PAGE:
A task force looking for options to save Highland Hall faces a job as enormous as the historic structure it hopes to preserve.
Select members of Borough Council, the borough's Historic Architecture Review Board and some residents are teaming up in hopes of staving off demolition of the more than 140-year-old building that housed various entities over the decades.
Blair County formerly owned the building, which housed offices until a courthouse addition was constructed. In 1998, Highland Hall was sold to RADD Development Corp. The building has been vacant since that time.
In June, Ralph Albarano of RADD Development Corp. sent a letter to the borough asking for permission to tear down the structure because the cost of saving the building has gotten too high, especially given the current economic climate.
A number of people have voiced objections to plans to raze the building.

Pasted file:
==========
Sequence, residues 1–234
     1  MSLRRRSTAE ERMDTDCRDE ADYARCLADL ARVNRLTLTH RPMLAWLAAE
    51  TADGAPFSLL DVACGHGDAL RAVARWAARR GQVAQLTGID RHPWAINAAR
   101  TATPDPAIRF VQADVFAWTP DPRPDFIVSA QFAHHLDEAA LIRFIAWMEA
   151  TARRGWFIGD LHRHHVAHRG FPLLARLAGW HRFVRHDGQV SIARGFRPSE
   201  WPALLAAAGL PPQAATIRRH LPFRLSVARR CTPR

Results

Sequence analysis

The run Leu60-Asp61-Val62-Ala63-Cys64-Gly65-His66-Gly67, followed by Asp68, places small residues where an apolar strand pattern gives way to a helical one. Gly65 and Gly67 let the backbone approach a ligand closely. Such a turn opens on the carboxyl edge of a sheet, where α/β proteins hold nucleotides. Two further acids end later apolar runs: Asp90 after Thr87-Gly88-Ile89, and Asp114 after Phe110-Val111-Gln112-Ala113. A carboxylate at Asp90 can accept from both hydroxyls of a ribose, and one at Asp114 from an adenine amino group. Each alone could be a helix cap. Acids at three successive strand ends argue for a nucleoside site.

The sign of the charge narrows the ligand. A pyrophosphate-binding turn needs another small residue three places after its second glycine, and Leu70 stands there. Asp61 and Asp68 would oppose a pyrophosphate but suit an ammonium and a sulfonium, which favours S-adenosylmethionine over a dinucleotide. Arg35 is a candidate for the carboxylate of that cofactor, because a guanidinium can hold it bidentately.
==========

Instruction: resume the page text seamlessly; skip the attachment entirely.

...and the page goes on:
Their desire to preserve the history of the area is laudable. The question is whether they can find someone willing to invest the likely tens of millions of dollars needed to make that happen. Most investors are going to want to profit from their investment.
With the costs of repairing and renovating the structure, it could be difficult to find tenants willing to pay the rents that would be required. Most entities are looking to cut costs wherever possible.
An easier option would be to find a wealthy benefactor to donate the money to preserve the building out of a sense of historic preservation. But such a scenario also seems unlikely.
We understand why some are not ready to throw in the towel on saving Highland Hall, and we wish them luck. But even supporters of the building need to understand the tough road ahead.
Highland Hall has stood the test of time for decades. Whether it can withstand the tests of age, deterioration and weather in a tough economy is yet to be determined.